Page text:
If you doubt this, read about Prohibition, which the middle three problems above were all associated with. Almost as soon as the prohibition of alcohol began, organized crime took over. Also, to reduce the risk, its producers made alcohol very potent; beer and wine almost disappeared and high-potent spirits took their place. Some people died from drinking because they underestimated the potency of their drinks, and there was no label telling them the potency. And of course the gang wars in Chicago and other cities are the stuff of legend. In some of those gang wars, innocent people were killed. After Prohibition ended, so did the hold of organized crime on the liquor business. Once again, people could know what they were drinking. Also, the murder rate fell.
Although I know of no connection between Prohibition and terrorism, the sale of illegal drugs has certainly contributed to terrorism. The U.S. government threatens the Colombian government with trade sanctions to push that government to crack down on its coca producers. The coca producers want protection from their own government. Most of them are just peaceful people trying to make a peso. So where do they go for protection? To organizations like the Revolutionary Army of Colombia (FARC), a leftist terrorist group to which they pay protection money. By one estimate, FARC’s revenue from drug-related sources is more than $600 million a year, which would make it the best-funded terrorist group in the world. Thus, the war against drugs actually strengthens the position of the terrorist insurgents.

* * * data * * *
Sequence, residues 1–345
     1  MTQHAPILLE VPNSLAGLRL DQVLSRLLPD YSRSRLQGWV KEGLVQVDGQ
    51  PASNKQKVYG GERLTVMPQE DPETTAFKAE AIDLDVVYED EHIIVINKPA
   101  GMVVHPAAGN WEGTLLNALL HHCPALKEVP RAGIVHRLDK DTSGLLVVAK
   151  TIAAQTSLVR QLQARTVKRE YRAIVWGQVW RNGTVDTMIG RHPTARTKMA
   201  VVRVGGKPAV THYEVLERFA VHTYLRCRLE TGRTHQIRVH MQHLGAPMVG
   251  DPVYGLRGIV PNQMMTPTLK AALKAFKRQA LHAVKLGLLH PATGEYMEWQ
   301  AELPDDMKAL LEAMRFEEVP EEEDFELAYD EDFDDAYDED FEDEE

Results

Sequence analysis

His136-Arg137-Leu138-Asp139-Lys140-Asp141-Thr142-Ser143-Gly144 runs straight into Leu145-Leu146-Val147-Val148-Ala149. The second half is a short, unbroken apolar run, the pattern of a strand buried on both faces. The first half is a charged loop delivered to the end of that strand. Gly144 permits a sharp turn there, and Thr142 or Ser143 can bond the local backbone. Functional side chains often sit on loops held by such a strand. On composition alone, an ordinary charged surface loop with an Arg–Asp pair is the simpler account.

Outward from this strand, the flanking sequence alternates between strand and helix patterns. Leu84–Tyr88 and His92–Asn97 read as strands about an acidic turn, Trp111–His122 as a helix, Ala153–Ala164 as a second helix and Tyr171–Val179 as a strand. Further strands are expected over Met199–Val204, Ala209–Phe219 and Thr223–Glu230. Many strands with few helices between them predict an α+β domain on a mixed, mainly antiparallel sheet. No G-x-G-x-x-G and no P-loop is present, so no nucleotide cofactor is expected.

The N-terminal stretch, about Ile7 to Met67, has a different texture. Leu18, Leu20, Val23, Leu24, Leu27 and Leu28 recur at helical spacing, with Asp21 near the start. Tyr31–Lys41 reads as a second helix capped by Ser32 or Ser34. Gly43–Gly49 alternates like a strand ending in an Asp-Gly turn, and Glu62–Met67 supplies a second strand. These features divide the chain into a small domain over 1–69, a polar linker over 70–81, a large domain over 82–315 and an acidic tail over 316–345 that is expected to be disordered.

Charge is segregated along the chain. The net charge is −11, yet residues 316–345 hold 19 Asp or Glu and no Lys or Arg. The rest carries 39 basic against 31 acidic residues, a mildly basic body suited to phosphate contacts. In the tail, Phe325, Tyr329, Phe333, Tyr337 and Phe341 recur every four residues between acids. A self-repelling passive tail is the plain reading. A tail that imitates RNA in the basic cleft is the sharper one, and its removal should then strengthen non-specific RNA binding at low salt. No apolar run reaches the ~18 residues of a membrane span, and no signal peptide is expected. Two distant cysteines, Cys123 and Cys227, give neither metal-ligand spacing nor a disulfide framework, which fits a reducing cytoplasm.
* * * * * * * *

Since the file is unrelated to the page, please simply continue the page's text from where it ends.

The two problems I mentioned in the beginning that legalization would not solve are the addictive nature of drugs and the damage imposed by users on non-users. Take addiction first. Many other drugs are addictive and legal, including alcohol and tobacco. And although some totalitarians in our midst want to make those drugs illegal, most people accept the idea that adults should be free to use alcohol and tobacco. In other words, addictiveness per se is not a good enough reason to make a good illegal and throw people in jail for using it. Myself, I would take addiction over prison any day as, I believe, would most people.
The more serious problem of the two is the harm that drug users cause others. Most of us don’t like the idea of people high on various drugs operating vehicles that could crash into innocent people. But again the alcohol model is relevant. The way we handle this problem is to impose heavy penalties on drunk drivers. And evidence from Europe and the United States shows that those penalties work. One basic principle of economics is that, if you want to solve a problem, focus your policy on that problem. The problem is not drug users getting stoned in their own homes; the problem is drug users putting others at risk. That, then, should be what we try to solve.
Similarly, most people aren’t thrilled about the idea of an airline pilot being stoned while flying. There’s a simple solution, one that the U.S. military uses on its personnel. It’s called a urine test. To call for legalizing drugs is not to call for abolishing such tests.
There’s no reason we can’t legalize drugs and hold their users accountable. Then the people hurt by drugs would be mainly those who chose them, rather than innocent people who are robbed to pay for users’ habits or who are caught in the cross fire.